written by Dave Miniaci
Scott Rudich had hoped his hard work would pay off and his new brewery would explode onto the scene.
That has been the case in more ways than one.
Rudich, the founder and brewmaster of Round Guys Brewing Co., in Lansdale, has seen his company grow and expand in ways he had only hoped, and in just a short time. It was a text from a friend in 2008 that changed the course of Scott’s career.
“We should start a band or open a brewery,” the text said.
‘Well, we can’t play instruments,” Rudich responded.
Rudich, 40, was hooked on the idea. However, he had to figure out where to start. Even his wife, Jen, pointed out he had never done this before. But Rudich got to work, brewing what he could, when he could. He picked up a homebrewer’s kit that first day and expanded from there.
He also took to reading a lot of “non-fiction beer books” as he put it. He estimated in his first year of homebrewing he brewed 150 batches of beer, all of different sizes and temperatures.
“I wanted to take a really scientific approach to it,” he said.
He served his beer to friends and they really enjoyed it. After about two years, he decided to take the “next step” and work his way into a storefront.
A lot of time, money and effort went into building the company, a big investment considering his lack of brewing experience and training. Rudich went to Notre Dame intending to be a doctor, then took classes in biochemistry and graduated with a biology degree. He said the cutthroat nature of the medical field was not for him, and he hit a wall with some of his scientific studies.
“I had a friend who was an upperclassman who once told me, ‘Never let your classes interfere with your education,’ and I took that to heart,” Rudich said. “But I can say I graduated from Notre Dame.”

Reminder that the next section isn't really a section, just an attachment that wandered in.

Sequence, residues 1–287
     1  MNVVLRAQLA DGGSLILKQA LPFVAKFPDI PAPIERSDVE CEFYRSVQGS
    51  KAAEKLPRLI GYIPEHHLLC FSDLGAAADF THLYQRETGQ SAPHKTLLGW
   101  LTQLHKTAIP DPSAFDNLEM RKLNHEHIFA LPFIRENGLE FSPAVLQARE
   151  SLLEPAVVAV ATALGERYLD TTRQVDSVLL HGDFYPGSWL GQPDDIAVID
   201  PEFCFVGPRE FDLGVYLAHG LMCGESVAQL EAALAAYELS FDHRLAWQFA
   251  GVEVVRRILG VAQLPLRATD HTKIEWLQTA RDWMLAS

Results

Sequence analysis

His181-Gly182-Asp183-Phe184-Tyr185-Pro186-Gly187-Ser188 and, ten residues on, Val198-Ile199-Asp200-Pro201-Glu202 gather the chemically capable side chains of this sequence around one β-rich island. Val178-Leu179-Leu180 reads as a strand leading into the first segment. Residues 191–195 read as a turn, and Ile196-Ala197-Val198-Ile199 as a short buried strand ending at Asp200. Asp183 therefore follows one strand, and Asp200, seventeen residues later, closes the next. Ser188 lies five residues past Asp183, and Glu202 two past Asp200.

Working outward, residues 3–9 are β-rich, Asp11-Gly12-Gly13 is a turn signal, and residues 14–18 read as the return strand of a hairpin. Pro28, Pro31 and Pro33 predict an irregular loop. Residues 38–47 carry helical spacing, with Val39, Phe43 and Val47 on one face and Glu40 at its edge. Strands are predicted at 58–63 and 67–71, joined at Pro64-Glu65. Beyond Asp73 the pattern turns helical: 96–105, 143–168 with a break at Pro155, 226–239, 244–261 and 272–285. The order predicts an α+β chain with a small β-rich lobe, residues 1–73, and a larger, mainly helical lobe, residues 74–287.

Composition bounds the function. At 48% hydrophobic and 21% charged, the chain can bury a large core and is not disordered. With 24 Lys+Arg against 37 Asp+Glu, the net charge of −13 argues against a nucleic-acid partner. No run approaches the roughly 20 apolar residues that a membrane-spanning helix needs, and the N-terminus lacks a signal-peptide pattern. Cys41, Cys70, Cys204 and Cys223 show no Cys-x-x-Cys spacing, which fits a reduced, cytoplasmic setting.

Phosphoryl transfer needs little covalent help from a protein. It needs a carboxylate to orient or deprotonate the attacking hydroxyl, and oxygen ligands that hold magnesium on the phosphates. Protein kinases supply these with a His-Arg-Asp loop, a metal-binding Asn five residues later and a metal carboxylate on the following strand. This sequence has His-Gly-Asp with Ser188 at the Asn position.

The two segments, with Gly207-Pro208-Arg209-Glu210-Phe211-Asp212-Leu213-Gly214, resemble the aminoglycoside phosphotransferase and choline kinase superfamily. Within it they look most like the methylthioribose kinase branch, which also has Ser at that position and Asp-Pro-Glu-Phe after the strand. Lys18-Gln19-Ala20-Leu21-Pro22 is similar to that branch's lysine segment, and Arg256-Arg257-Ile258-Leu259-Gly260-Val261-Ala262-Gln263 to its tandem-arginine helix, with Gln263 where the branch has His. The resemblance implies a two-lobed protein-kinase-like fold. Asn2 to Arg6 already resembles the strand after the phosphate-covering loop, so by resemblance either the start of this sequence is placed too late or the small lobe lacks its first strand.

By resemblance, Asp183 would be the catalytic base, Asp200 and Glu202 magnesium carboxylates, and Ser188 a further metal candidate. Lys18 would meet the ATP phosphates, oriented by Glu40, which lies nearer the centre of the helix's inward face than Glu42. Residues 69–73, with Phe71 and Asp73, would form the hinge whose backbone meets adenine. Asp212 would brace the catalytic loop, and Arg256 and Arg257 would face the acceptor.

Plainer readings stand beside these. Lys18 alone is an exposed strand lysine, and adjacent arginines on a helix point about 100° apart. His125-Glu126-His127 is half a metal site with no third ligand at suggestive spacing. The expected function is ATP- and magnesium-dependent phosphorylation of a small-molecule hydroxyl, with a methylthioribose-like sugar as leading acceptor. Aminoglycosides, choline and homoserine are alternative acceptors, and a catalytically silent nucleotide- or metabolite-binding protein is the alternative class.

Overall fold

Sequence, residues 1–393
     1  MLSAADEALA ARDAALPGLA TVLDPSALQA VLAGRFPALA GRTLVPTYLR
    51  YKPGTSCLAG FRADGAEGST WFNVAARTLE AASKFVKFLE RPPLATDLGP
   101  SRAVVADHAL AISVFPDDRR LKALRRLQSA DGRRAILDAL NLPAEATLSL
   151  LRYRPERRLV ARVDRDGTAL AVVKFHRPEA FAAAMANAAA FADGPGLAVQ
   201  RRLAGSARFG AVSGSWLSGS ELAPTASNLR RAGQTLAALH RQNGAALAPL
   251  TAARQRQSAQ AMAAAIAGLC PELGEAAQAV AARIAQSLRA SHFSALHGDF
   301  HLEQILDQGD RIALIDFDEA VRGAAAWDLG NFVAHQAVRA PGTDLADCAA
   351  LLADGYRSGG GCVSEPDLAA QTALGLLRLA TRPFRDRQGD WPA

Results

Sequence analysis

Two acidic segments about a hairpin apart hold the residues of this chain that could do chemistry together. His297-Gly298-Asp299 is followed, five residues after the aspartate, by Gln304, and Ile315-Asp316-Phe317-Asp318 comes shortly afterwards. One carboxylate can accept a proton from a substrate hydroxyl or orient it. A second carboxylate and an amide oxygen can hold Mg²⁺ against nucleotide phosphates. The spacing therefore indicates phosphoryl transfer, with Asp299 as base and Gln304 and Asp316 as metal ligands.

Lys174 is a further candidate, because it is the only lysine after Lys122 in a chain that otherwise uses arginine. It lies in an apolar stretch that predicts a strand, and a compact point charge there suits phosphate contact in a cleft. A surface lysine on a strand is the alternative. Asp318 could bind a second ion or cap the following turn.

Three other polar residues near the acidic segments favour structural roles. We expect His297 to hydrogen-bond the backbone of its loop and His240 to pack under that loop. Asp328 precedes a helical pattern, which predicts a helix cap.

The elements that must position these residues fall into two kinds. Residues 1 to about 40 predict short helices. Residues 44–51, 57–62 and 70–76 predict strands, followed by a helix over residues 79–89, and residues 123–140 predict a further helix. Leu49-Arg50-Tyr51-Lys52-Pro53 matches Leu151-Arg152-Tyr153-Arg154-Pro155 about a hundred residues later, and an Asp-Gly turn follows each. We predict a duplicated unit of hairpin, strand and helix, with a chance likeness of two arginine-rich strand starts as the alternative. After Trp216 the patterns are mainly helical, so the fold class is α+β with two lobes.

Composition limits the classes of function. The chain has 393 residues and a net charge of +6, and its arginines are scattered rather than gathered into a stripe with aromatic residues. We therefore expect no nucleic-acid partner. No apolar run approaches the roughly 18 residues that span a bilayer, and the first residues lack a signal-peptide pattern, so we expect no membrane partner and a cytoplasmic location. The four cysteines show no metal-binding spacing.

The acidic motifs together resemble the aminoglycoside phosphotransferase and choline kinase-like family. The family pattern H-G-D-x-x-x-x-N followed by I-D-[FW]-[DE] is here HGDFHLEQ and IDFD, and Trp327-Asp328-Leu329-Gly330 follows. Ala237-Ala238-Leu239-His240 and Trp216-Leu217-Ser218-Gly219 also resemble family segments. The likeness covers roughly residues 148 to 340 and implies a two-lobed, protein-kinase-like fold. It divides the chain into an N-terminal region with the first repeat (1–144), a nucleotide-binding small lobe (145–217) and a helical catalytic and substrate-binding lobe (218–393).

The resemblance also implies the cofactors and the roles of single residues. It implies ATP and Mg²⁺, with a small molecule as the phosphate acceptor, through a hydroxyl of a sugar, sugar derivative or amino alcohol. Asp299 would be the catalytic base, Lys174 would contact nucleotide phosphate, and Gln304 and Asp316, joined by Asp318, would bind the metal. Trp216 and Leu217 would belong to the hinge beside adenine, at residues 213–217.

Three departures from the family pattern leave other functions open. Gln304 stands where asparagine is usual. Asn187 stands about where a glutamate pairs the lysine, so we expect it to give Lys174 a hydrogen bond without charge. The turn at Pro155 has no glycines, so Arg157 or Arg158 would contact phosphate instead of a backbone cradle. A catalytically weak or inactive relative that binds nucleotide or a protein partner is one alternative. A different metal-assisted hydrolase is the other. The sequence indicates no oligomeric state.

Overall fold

He found his way to Merck, where he worked for ten years in several capacities. He worked in manufacturing and helped develop vaccines, including those for HPV and Hepatitis-B. He also worked in supply chain management, quality control and industrial engineering.
As one might guess, this background in science did help Rudich understand the finer points of producing beer and running the business.
“Industrial engineering is really cool and it helped me here because it’s how to cost product,” he said. “You see how to price beer or see if you need new equipment and how it would help.”
He also learned about sterilizing the equipment—a key to the brewing process.
As Rudich grew as a business owner and a brewer, he became more confident. And his work ethic—and his beers—left a mark on friends and co-workers.
“I was not a big fan of sours. All my experience with them was not good and it turned me off,” said John Hartman, a partner and brewer at Round Guys. “Scott’s baby, as I call it, is the Berlinerweiss. He told me when I had it I would love it. When we actually did brew the first one, I was shocked that I really did like it. I really commend him for that. To this day, I think the Berlinerweiss is a very good beer and it changed my direction with sours. That was a pinnacle point with us early on working together. It was a neat scenario.”
Amusingly enough, Hartman and his wife also work at Merck, though they didn’t know Rudich until recently. Hartman had heard about a new brewery in Lansdale and went to the storefront to see if they needed help. Months later, he realized Rudich had been his wife’s supervisor.
“We didn’t put two and two together,” Hartman said. “It’s funny how that kind of came full circle.”